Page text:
To empower citizens through a new generation of technologies. This is in a nutshell the intent expressed at the opening of the documentation presented today by the European Commission and which constitutes a first concrete step in the direction desired by many on the old continent. Announced in Brussels by Ursula von der Leyen, it touches on issues as delicate as important as the creation of a single market for data andartificial intelligence.
Europe outlines a digital strategy
Nothing has yet been established or put in black and white in its final form. Some published white paper around which a discussion will be held in the coming months involving all the players involved: the institutions, the authorities of the individual countries, the protagonists of the technological world and the citizens. The targets they are high and ambitions, the way to go for their achievement yet to be defined and certainly not short.
It aims to encourage the creation of digital solutions capable of putting people first, facilitate the birth of new business, push the development of reliable systems to support one open and democratic society as well as asustainable economy. Then we talk about mobility, the fight against disinformation, recycling, health, energy, the mobile market, training, work and much more.
– Ursula von der Leyen (@vonderleyen) February 19, 2020
Between the lines we can read the desire to ensure that even in the EU territory realities capable of competing with the big names in the hi-tech landscape have literally exploded in the last two decades in the United States and China (therefore Google, Amazon and Facebook). There is not even a reference to how theinnovation it may prove to be of fundamental importance in the fight against climate change with long-term objectives reaching 2050.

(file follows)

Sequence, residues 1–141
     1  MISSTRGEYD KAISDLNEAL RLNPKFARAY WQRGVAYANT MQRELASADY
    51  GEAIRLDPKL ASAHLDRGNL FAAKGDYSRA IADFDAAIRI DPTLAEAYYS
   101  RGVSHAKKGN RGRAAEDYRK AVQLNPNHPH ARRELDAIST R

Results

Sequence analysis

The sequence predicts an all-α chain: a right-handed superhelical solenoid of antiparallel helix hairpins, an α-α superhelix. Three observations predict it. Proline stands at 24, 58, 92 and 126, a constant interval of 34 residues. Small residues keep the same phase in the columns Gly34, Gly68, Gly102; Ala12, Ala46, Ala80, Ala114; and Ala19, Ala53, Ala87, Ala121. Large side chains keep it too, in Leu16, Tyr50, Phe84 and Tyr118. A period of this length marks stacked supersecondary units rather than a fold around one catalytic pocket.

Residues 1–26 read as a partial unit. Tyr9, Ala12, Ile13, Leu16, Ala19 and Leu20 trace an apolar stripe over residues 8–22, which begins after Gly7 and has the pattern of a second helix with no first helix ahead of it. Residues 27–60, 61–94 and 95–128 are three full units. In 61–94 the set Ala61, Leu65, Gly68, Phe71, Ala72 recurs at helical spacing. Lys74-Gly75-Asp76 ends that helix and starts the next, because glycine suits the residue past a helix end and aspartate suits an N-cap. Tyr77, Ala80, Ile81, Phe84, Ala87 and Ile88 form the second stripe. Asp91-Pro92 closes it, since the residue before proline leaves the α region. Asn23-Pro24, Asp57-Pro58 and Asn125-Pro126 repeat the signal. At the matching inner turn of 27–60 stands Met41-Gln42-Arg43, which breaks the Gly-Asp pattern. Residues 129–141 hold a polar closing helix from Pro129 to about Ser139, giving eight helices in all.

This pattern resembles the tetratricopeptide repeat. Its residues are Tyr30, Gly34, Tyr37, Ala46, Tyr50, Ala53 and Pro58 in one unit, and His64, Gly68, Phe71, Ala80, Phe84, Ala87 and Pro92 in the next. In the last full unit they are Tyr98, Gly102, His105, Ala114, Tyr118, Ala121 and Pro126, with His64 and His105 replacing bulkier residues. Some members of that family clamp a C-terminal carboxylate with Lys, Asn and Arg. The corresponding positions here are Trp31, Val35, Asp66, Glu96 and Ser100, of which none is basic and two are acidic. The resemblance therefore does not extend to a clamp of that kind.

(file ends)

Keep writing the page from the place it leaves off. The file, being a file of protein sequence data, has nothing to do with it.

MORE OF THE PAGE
Innovation yes, but without compromise
All this without forgetting that every initiative must be implemented in full compliance with the provisions of legislation such as the GDPR, which with the introduction dating back to almost two years ago has set more stringent stakes than the laws of other territories as regards the methods of data processing. These are the words of Ursula von der Leyen, President of the European Commission for a couple of months.
Today we present our ambition to shape Europe's digital future. It affects everything from cybersecurity to critical infrastructures, from digital education to skills, from democracy to the media. I want digital Europe to reflect the best of Europe: openness, fairness, diversity, democracy and trust.
A secure and dynamic single market for data:
The way we organize data access determines our future innovation capacity. This includes better combating emergencies, greening our cities and helping people live longer and healthier lives.
More → https://t.co/IkMcTjYW31 #DigitalEU pic.twitter.com/0ldP0wV1uY
– European Commission 🇪🇺 (@EU_Commission) February 19, 2020
Matter of taxes, privacy and AI
Without going into the folds of each of the published documents (we will have the opportunity to do it from time to time), the declaration of intent can only sound an alarm bell in the headquarters of the big hi-tech mentioned above. On the table there are also delicate issues such as the Digital Tax which the old continent has already defined as an "absolute priority" and which should finally come into force by the end of the year.
On the subject of artificial intelligence, however, it will be important to define how protect privacy and information of citizens without putting a brake on innovation. In this area, among other things, effective rules for the use of facial recognition systems will be established, technologies that today seem to be able to escape the meshes of regulations due to a substantial legislative vacuum.